As a result, three quarters of Mexicans now live below the poverty line. The share of household income that goes to the poorest 10% is 1.5% (down from 1.7% in 1984), compared to a massive 38.7% of national income enjoyed by the richest tenth of the society (up from 49.5% in 1984).
Says Wise, â€˜In many ways, Mexico got what NAFTA promised: trade and investment. Unfortunately, these have not been translated into benefits for the Mexican population as a whole or into improvements in the countryâ€™s fragile environment.â€™
On the ecological front, even the Mexican government admits that since 1985, rural soil erosion worsened by 89% and air pollution by 97%. But thanks to fiscal squeeze, the government spent 45% less by 2000 than it did fifteen years earlier.
In addition to violations of labor rights and environmental damage, gender violence has become a national issue in part because of the appalling rapes and murders of more than 300 maquila workers–all women–in Ciudad Juarez over the past few years.
The maquilaâ€™s defenders have always pointed to the employment and skills transfer to Mexico, but now it is more evident that the foreign plants are footloose and that they have few linkages backwards and forwards within Mexicoâ€™s skewed economy. In spite of nearly $55 billion of foreign investment in Mexican manufacturing from 1994-2002, the total investment rate has fluctuated between a very low 16% and a mediocre 22% during the period, reflecting the lack of organic investment by Mexican capitalists.
Perhaps they knew better than the foreigners how volatile the export sector would become. Maquilas are today suffering huge job losses–25% in some border cities–due to even more exploitative Chinese competitors that have stolen Mexican market share. From 1998 to 2002, Mexicoâ€™s rank in the World Competitiveness Yearbook fell from 34th to 41st.
The ability of Mexicans to invest in their own land is hampered by high interest rates, which succeeding in bringing inflation down from 42% in 1996 to 4% today, but also left millions in default on the consumer and small business debt.
Moreover, manufacturing job growth is not nearly as impressive as proponents claim. According to a major study of Mexican foreign investment by two other Tufts researchers, Kevin Gallagher and Lubya Zarsky, the average annual number of manufacturing jobs created from 1994-2002 was 82,500 (virtually all in the maquila sector). This is better than most countries, but pales next to the annual entrance of 730,000 new job seekers. The informal sector may, as a result, be responsible for the survival of 60% of economically active Mexicans.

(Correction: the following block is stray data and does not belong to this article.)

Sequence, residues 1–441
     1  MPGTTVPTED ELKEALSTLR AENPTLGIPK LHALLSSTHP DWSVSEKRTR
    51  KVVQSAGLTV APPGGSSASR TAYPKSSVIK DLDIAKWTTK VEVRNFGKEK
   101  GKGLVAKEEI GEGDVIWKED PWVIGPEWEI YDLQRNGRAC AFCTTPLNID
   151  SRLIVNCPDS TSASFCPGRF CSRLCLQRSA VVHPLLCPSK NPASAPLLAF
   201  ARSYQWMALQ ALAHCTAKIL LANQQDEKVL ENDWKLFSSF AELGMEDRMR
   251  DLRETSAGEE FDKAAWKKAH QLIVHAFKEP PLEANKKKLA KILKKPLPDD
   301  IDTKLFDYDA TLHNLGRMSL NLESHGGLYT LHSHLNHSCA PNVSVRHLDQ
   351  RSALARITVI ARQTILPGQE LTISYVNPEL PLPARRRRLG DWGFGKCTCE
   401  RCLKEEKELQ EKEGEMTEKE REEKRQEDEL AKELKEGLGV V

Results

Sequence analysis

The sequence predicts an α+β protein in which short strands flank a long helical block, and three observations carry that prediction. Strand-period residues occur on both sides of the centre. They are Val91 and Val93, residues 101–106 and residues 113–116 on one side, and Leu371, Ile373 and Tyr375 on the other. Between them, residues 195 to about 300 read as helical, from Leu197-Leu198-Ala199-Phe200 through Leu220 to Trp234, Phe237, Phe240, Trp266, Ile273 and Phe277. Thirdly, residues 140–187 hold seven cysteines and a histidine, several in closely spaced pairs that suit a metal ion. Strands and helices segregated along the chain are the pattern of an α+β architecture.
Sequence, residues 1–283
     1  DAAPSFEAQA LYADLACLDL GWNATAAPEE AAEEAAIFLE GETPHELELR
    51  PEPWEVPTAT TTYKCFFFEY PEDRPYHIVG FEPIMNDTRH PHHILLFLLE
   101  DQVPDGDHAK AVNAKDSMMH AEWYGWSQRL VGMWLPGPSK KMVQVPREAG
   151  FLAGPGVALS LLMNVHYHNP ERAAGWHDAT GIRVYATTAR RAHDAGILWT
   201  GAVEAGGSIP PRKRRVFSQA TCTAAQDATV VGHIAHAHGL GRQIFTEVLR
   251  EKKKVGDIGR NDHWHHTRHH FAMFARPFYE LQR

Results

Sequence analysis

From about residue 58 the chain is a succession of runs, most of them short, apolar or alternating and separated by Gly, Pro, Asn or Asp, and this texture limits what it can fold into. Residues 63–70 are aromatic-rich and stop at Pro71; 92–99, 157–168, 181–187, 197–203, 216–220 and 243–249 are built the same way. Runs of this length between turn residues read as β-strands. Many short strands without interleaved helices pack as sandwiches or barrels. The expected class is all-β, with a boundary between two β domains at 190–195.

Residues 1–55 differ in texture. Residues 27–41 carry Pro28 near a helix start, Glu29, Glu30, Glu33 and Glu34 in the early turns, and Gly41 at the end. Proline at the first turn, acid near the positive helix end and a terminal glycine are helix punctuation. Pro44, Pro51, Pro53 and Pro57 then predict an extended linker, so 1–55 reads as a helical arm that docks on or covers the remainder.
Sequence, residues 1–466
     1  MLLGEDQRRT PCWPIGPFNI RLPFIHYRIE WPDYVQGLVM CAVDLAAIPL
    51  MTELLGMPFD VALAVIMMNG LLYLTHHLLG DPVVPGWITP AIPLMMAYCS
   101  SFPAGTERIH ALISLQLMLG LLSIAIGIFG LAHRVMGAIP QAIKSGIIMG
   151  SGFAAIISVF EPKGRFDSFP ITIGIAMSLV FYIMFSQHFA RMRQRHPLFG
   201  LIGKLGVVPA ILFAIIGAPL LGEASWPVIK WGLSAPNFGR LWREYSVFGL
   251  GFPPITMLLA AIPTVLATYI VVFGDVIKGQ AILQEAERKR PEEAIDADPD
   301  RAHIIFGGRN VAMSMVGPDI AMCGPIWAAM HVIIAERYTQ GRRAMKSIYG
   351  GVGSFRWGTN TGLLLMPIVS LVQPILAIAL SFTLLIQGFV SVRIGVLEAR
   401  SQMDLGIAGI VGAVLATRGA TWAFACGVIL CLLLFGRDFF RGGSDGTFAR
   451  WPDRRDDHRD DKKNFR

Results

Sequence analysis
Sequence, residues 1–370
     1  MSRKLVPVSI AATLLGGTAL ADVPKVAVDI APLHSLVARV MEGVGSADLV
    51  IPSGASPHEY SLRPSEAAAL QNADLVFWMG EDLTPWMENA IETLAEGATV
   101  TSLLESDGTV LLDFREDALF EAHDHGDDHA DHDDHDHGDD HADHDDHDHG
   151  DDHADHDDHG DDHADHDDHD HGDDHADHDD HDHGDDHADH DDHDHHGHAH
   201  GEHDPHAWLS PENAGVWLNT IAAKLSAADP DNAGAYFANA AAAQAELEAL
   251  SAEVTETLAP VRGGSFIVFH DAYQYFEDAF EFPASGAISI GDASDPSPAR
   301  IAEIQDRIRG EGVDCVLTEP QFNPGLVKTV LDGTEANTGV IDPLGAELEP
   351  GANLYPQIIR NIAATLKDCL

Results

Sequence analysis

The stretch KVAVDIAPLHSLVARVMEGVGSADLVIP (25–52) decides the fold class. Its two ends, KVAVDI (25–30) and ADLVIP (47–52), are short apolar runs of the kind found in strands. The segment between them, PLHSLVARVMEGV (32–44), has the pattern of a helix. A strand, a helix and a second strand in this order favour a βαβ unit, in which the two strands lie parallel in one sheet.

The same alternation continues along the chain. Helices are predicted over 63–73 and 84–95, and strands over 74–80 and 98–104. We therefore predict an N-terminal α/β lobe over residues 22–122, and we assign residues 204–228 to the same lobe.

Crucial to understanding the maquila sectorâ€™s poor performance in lifting Mexico from poverty is the lack of locally sourced inputs. In 1990, these represented 4.7% of total value added, and in 2002 only 3.7%. Only food, beverages, furniture and wood products have increased the local content of production, with most other major manufacturing subsectors–such as machinery, chemical products and footwear–requiring ever fewer Mexican inputs.
The deluge of foreign investment also appears to be blocking local innovation, with residents recording 1% of total patent applications from 1995-2002, compared to 51% in South Korea. As a percentage of total output, Mexico invests only 0.4% in research and development, compared to 2.6% in South Korea.
A completely different strategy to NAFTA is required, focusing on a renewal of once successful inward-oriented policies, even if that requires a new round of subsidies and protection from imports, but minus the clientelism and elite market orientation of the past.
Given massive unemployment outside the 1990s-era maquiladores, millions of poor people either migrated to the US or returned to the land, growing record amounts of maize. Thanks to the first option, wage remittances are now $10 billion per year, outpacing even petroleum exports as a national income earner.